Henry left Iowa to travel for some time - biking across the U.S. and skipping across oceans to explore intercontinental landscapes. Inspired by his travels and discoveries to become a landscape architect, Henry was homeward bound. He began Iowa State University's landscape architecture program, and the academic resources available there gave him opportunities to learn more about experiential design - movement through landscapes - on multiple levels, both locally and abroad. For three years, he interned for his professor on the Iowa Living Roadways Program, providing planning and design assistance for transportation corridors to small Iowa communities, much of which included talking to community members about transportation barriers.
As a true citizen of the world, though, Henry ventured off with scholarship money from ISU and the Merkel Endowment to lead a research expedition in Humla, Nepal, studying pedestrian life and extreme transportation barriers among the Himalayas - the project for which the Landscape Architecture Foundation has dubbed him an Olmsted Scholar. On opposite sides of the world, rural Iowa is flat with widely paved roads and cars. Rural Nepal is mountainous with goats as travel companions. The one thing allowing Henry and his research partners to navigate the strikingly different environment was their ability to listen, with their eyes, ears, and a GPS.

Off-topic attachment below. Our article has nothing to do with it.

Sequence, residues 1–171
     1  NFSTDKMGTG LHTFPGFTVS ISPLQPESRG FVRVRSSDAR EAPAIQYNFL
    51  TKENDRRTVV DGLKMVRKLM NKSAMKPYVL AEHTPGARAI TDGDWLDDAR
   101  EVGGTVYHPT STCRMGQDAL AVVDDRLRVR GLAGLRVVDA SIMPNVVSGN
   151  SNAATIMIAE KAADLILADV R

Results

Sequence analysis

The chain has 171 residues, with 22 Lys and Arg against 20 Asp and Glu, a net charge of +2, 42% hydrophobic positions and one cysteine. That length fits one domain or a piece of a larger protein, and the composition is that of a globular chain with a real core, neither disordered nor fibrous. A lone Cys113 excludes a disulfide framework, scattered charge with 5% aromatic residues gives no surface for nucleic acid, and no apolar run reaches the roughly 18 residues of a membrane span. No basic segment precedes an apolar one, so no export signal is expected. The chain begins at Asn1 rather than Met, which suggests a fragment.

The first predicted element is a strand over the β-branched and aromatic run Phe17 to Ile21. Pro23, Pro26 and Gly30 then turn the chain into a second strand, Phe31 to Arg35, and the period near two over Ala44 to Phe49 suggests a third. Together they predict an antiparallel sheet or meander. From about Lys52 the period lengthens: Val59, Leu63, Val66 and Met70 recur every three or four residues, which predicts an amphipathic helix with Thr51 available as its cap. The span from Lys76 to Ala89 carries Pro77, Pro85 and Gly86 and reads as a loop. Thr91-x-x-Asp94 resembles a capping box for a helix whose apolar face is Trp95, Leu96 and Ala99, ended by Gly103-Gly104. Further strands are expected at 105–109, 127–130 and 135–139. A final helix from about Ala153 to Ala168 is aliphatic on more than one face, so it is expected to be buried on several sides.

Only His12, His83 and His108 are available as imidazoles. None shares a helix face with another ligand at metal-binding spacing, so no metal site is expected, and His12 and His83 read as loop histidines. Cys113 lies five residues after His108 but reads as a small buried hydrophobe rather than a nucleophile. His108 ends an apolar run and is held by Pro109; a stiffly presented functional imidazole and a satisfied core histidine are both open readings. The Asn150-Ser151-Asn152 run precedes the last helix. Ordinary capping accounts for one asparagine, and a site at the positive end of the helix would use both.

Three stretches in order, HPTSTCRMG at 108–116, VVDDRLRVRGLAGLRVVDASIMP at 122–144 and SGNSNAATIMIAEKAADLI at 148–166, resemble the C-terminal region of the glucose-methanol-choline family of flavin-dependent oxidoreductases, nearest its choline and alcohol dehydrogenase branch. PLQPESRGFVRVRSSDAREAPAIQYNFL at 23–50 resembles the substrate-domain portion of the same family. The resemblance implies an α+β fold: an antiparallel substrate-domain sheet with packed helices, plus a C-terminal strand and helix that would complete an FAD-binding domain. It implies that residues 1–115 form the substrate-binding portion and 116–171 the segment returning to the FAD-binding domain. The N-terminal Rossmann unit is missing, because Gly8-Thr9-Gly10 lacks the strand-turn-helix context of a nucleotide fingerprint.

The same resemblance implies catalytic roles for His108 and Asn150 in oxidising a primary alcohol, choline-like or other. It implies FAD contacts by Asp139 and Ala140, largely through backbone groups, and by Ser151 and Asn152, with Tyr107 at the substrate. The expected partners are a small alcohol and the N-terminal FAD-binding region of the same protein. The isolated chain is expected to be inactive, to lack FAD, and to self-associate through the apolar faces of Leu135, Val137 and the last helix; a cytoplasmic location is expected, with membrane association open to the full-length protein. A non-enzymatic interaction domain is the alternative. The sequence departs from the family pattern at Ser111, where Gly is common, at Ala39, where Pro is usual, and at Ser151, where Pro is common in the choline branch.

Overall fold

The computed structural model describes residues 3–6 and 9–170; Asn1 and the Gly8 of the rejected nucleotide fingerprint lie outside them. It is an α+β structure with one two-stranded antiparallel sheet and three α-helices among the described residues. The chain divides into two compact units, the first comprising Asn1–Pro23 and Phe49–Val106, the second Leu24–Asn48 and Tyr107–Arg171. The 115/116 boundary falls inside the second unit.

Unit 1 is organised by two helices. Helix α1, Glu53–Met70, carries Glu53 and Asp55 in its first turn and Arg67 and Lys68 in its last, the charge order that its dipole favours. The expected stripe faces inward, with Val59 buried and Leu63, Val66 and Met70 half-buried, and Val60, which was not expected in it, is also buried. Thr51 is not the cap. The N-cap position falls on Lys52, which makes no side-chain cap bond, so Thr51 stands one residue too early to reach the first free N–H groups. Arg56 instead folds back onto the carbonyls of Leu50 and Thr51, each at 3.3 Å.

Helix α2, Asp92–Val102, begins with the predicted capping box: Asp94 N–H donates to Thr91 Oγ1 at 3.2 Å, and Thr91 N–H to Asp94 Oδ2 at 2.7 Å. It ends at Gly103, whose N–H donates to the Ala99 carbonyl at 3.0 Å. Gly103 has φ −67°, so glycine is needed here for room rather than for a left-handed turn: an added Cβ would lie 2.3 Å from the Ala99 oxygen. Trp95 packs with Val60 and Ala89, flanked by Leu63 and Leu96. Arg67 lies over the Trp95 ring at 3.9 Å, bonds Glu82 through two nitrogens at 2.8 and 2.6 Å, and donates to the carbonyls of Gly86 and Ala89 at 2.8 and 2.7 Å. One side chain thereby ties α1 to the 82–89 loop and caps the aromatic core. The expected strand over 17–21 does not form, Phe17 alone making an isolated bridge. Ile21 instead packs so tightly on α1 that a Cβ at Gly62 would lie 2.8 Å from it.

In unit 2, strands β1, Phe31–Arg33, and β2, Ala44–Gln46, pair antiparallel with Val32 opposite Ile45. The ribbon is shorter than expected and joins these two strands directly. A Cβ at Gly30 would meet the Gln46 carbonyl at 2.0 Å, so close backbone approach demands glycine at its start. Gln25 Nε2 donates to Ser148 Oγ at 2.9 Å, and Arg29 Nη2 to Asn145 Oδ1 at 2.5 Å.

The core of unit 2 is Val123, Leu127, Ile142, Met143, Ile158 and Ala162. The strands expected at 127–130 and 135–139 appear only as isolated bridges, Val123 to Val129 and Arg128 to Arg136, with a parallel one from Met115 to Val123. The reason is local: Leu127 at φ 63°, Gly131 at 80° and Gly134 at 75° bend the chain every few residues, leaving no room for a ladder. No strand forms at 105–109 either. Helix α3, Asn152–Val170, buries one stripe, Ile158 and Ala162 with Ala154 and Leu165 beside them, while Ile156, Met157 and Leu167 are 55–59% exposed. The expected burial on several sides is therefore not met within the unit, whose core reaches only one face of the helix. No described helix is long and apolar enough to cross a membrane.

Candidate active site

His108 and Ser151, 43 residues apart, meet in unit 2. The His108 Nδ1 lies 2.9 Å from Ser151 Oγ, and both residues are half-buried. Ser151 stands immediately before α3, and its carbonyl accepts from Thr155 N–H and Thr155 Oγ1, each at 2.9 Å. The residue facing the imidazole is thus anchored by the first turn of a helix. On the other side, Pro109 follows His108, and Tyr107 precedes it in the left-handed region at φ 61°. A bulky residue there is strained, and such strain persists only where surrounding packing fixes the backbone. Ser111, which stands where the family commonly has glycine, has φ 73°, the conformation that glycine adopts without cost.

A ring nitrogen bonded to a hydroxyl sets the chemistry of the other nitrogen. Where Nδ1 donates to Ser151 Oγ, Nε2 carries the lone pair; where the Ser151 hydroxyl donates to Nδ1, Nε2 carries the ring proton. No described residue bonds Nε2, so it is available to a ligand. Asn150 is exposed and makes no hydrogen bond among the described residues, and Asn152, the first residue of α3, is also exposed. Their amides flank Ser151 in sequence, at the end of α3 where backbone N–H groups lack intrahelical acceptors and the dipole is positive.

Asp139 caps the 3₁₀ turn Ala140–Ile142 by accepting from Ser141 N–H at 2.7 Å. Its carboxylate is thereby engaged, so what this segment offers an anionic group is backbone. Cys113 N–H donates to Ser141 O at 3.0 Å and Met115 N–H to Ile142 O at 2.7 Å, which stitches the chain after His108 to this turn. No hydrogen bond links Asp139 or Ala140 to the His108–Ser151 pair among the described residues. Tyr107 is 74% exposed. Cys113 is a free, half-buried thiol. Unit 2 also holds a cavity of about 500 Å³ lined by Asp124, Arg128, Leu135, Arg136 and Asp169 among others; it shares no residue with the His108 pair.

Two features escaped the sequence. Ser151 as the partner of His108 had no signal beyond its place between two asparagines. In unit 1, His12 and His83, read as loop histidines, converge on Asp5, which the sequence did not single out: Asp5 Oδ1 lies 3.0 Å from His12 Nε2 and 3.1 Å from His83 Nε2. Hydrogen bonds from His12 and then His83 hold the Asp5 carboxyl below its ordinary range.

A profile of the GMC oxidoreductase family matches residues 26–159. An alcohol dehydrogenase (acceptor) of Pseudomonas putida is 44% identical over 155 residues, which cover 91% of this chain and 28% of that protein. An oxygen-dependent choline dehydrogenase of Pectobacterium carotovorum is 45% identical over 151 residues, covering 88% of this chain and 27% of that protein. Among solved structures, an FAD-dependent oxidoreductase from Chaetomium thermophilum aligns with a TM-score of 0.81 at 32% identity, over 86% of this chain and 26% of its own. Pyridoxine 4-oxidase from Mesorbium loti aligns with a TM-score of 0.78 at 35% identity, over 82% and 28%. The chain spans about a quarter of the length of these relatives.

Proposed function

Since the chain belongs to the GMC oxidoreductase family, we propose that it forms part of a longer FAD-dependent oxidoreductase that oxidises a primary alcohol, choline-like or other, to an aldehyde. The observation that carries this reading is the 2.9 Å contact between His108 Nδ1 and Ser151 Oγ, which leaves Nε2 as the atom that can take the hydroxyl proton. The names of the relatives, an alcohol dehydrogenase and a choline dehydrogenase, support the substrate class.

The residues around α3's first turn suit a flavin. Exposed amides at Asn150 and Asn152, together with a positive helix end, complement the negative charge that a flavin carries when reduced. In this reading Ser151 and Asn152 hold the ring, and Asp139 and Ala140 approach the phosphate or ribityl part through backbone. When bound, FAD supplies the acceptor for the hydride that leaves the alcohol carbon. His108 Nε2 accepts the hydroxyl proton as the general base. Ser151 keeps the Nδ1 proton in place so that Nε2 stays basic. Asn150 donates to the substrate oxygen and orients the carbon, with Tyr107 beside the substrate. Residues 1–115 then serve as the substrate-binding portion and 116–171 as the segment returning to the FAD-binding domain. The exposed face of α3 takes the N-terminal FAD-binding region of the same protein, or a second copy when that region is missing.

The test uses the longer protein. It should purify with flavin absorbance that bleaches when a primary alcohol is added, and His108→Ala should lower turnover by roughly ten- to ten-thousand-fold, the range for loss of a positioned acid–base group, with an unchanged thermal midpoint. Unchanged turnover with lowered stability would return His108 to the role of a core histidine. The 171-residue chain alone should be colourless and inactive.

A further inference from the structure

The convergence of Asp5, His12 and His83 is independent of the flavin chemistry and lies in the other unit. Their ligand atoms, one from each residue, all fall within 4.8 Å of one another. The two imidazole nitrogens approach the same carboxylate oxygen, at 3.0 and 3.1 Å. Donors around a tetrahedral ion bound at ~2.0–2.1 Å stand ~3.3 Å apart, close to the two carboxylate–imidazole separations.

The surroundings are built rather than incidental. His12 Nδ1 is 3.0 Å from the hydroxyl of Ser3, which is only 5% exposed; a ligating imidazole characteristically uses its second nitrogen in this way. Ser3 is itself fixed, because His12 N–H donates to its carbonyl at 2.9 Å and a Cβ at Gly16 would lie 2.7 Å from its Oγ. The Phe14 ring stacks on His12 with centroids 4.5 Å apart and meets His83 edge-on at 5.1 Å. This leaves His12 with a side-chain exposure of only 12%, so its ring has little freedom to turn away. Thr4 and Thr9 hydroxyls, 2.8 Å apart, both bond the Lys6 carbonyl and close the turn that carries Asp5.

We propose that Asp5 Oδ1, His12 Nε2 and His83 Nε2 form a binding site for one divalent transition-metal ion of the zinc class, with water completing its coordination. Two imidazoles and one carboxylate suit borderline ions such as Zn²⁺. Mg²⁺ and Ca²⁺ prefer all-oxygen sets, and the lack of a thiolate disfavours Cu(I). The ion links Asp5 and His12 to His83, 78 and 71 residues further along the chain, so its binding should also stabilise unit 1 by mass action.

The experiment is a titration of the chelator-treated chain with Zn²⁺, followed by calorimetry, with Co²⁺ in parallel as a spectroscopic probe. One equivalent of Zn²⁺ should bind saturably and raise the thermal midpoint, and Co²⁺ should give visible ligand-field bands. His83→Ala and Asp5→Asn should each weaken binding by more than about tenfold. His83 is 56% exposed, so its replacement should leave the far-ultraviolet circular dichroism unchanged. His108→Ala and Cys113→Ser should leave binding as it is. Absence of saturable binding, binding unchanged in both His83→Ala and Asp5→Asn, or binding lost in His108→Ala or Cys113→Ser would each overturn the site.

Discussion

The biggest takeaway, from writing the grant to learning to not take sanitized water for granted, was that landscapes and the built environment shape people's experiences in the world. They define culture and livelihood.
There are opportunities and constraints in every environment, depending on perspective. An elderly woman or child in Iowa not having enough time or feeling unsafe to cross the street to get to the post office before the light turns red, for instance, sounds much different than a native Humli expressing the need to walk over 30 miles a day over steep grades to retrieve basic resources. Different, but both valid.
When you can see the different ways people live, if you listen to them, you can empathize with them and start to experience the world through their eyes.
Whether he's doing research, teaching kids, or engaging in public outreach for a park project, Henry brings his passion for experiential design to the forefront of everything he does. Getting the opportunity now to facilitate the visioning for Coulson Park, a historic site in Big Sky country confronted with water contamination and transportation barriers, is right in line with what he's been working on all along. The underdeveloped riverfront park sits along the Yellowstone River in Billings, Montana, bisected by trails and blockaded by highways.